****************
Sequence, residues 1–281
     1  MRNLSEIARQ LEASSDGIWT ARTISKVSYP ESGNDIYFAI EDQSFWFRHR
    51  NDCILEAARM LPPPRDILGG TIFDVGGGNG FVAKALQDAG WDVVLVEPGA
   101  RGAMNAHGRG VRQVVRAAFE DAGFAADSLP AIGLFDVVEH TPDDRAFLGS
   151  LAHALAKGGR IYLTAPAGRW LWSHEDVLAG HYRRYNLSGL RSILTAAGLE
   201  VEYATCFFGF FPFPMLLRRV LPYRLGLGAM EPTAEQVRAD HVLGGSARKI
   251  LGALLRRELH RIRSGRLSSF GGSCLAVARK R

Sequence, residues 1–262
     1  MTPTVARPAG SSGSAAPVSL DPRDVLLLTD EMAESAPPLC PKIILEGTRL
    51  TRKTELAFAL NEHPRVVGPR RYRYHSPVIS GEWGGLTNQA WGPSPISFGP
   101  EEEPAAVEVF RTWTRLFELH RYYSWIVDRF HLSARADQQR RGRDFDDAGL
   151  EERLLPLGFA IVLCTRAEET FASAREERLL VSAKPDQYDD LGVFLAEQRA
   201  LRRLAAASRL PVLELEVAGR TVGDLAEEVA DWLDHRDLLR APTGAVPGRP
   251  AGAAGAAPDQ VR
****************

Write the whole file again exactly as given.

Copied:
Sequence, residues 1–281
     1  MRNLSEIARQ LEASSDGIWT ARTISKVSYP ESGNDIYFAI EDQSFWFRHR
    51  NDCILEAARM LPPPRDILGG TIFDVGGGNG FVAKALQDAG WDVVLVEPGA
   101  RGAMNAHGRG VRQVVRAAFE DAGFAADSLP AIGLFDVVEH TPDDRAFLGS
   151  LAHALAKGGR IYLTAPAGRW LWSHEDVLAG HYRRYNLSGL RSILTAAGLE
   201  VEYATCFFGF FPFPMLLRRV LPYRLGLGAM EPTAEQVRAD HVLGGSARKI
   251  LGALLRRELH RIRSGRLSSF GGSCLAVARK R

Sequence, residues 1–262
     1  MTPTVARPAG SSGSAAPVSL DPRDVLLLTD EMAESAPPLC PKIILEGTRL
    51  TRKTELAFAL NEHPRVVGPR RYRYHSPVIS GEWGGLTNQA WGPSPISFGP
   101  EEEPAAVEVF RTWTRLFELH RYYSWIVDRF HLSARADQQR RGRDFDDAGL
   151  EERLLPLGFA IVLCTRAEET FASAREERLL VSAKPDQYDD LGVFLAEQRA
   201  LRRLAAASRL PVLELEVAGR TVGDLAEEVA DWLDHRDLLR APTGAVPGRP
   251  AGAAGAAPDQ VR